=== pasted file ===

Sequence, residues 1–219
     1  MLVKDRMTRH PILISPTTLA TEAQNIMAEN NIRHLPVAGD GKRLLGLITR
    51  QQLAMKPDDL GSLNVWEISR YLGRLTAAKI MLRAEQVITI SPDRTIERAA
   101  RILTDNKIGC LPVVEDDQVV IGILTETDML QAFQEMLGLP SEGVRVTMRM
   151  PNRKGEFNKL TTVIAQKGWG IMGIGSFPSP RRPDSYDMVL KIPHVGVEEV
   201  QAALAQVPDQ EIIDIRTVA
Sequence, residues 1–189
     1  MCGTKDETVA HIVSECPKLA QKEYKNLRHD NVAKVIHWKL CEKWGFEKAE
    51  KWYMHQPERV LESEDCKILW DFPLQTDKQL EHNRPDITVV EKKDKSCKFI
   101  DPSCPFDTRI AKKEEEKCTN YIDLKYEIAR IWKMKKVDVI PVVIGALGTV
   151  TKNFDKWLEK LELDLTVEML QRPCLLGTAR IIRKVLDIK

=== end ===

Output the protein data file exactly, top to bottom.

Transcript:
Sequence, residues 1–219
     1  MLVKDRMTRH PILISPTTLA TEAQNIMAEN NIRHLPVAGD GKRLLGLITR
    51  QQLAMKPDDL GSLNVWEISR YLGRLTAAKI MLRAEQVITI SPDRTIERAA
   101  RILTDNKIGC LPVVEDDQVV IGILTETDML QAFQEMLGLP SEGVRVTMRM
   151  PNRKGEFNKL TTVIAQKGWG IMGIGSFPSP RRPDSYDMVL KIPHVGVEEV
   201  QAALAQVPDQ EIIDIRTVA
Sequence, residues 1–189
     1  MCGTKDETVA HIVSECPKLA QKEYKNLRHD NVAKVIHWKL CEKWGFEKAE
    51  KWYMHQPERV LESEDCKILW DFPLQTDKQL EHNRPDITVV EKKDKSCKFI
   101  DPSCPFDTRI AKKEEEKCTN YIDLKYEIAR IWKMKKVDVI PVVIGALGTV
   151  TKNFDKWLEK LELDLTVEML QRPCLLGTAR IIRKVLDIK